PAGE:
Emeritus and Retired Faculty lunch with current CASA affiliates

The College of Applied Sciences and Arts hosted its annual Emeritus and Retired Faculty Luncheon Oct. 29, at Flames Eatery and Banquet.
Emeritus and Retired

Faculty were invited to join Assistant Chair of Kinesiology Shirley Reekie and Associate Dean Greg Payne for a tour of some of the newly completed construction on campus. About a half dozen faculty members participated in the tour of the newly renovated Yoshihiro Uchida Hall and the new Student Union.

“This is one of our favorite events to host each year because it gives us a chance to catch you up on what has been going on in CASA and around campus and also for us to hear what you’ve done this past year,” said Interim Dean Alice Hines in her welcome.

The highlight of the program included three College of Applied Sciences and Arts students who attended summer study abroad programs who shared how the experience left a strong impression on them. The students speakers included Aly Mauro, an Occupational Therapy student, Mia Gonzalez, a Journalism and Mass Communications student and Michael Celso, a Social Work student. The students each received the Helen L. Stevens Faculty-Led Program Scholarship, helping to off-set $500 of the cost of the summer programs. The College is currently working to develop more scholarships to support study abroad opportunities for students.

Emeritus and retired faculty from seven CASA departments, including some that have merged with other departments, attended the luncheon with current faculty from nine of the departments offering updates on their activities. The attendees included a former dean and emeritus faculty member, Robert Moore, who taught in the Division of Technology. Moore, who is in his mid-90s, said he recalled hiring Helen Ross Mico, a retired Health Science professor in attendance, and Lee Walton, a retired kinesiology professor in attendance.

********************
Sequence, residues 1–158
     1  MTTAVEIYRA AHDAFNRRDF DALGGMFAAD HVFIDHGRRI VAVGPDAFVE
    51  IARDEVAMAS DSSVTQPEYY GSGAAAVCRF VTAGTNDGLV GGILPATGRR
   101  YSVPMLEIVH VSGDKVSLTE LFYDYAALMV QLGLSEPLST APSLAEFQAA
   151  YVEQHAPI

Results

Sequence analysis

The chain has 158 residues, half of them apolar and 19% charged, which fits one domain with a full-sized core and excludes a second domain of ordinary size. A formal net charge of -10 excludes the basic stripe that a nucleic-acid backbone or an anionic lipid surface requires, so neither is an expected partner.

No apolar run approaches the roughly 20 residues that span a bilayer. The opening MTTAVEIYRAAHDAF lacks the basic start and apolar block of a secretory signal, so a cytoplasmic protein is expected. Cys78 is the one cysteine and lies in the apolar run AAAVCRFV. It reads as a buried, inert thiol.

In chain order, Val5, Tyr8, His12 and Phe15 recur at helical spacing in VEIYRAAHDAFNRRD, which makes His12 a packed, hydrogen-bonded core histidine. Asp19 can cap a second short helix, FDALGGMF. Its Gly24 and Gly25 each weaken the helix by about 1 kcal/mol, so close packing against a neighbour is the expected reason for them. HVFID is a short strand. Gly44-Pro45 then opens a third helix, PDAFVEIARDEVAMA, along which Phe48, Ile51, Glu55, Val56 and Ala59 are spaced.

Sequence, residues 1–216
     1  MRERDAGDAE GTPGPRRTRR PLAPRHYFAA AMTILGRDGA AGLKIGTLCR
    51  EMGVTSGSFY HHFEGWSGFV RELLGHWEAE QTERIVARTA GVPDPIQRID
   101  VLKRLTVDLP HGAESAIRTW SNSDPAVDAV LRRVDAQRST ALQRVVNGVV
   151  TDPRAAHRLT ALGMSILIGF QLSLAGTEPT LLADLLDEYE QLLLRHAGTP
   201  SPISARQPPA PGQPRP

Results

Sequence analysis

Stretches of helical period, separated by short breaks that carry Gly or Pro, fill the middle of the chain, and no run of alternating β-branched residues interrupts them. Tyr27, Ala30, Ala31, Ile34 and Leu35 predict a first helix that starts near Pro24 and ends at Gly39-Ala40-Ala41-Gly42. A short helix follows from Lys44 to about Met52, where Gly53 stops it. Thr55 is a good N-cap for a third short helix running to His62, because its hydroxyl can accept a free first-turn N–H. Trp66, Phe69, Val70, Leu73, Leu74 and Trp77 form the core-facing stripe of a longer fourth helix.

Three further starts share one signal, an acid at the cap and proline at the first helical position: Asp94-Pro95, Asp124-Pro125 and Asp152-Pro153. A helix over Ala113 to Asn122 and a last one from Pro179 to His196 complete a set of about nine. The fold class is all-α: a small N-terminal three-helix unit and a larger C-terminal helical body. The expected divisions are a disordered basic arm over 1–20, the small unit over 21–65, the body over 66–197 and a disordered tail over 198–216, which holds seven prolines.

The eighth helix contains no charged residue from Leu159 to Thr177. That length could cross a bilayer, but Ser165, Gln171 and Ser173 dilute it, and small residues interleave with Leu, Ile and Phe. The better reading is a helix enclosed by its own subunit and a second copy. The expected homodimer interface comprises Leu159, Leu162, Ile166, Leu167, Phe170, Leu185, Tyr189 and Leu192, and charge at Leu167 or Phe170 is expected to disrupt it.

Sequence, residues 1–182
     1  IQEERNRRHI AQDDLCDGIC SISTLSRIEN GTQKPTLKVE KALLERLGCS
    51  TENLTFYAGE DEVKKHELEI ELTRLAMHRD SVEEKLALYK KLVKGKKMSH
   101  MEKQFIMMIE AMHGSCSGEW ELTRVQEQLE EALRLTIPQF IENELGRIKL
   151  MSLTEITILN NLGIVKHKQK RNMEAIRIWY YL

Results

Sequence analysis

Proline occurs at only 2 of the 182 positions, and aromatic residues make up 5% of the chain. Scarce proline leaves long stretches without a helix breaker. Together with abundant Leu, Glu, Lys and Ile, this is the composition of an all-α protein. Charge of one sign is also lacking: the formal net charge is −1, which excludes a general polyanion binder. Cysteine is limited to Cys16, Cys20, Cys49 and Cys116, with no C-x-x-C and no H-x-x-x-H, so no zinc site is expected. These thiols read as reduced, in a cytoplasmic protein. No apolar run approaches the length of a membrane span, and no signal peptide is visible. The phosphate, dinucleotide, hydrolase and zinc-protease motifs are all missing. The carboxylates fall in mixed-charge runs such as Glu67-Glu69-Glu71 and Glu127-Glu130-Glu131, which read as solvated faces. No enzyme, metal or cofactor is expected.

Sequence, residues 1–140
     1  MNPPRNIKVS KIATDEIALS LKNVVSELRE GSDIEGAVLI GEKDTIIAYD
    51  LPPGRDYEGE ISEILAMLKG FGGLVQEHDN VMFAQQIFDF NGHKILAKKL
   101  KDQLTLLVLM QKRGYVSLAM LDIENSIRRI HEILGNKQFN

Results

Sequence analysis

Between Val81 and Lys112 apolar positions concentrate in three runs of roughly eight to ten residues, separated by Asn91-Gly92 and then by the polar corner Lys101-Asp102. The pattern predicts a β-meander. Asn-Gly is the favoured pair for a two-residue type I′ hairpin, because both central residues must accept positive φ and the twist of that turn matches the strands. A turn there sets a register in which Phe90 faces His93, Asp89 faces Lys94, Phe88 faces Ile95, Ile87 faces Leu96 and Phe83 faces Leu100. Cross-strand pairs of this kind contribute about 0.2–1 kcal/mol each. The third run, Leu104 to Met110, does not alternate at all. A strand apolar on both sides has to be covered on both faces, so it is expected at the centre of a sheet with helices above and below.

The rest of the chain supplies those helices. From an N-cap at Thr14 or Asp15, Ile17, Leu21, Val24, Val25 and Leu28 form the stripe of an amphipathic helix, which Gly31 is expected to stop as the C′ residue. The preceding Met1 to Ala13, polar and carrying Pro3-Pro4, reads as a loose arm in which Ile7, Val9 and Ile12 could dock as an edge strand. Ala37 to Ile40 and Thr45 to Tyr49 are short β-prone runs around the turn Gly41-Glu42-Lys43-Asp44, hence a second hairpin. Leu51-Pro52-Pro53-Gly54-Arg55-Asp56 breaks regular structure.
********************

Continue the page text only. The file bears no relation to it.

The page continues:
Dwight Bentel Hall closed for construction; students to meet in SU ballrooms

Due to ongoing construction, classes scheduled in Dwight Bentel Hall on Monday, Aug. 25 and Tuesday, Aug. 26, 2014 have been relocated to the Student Union, Ballrooms A and B. Students can check in with their faculty at tables labeled with their classroom number and instructor. The ballroom in the new student union is upstairs and can be accessed by entering the Student Union through the Seventh Street entrance. Signs will be posted to direct faculty and students to the ballrooms.

Interim Dean Alice Hines has directed faculty to go to the Student Union ballroom at their scheduled class time to meet with their students. Faculty members will be using the first meeting with their classes to:

1.  Have students on roster check in to claim their seat in the class.

2.     Take waitlist names if seats will or may be available

3.     Provide instructions for class reading or other assignments.

4.     Be prepared to send roster messages to students to notify them of any changes or updates.

5.     If using Canvas, make assignments and instructions available there.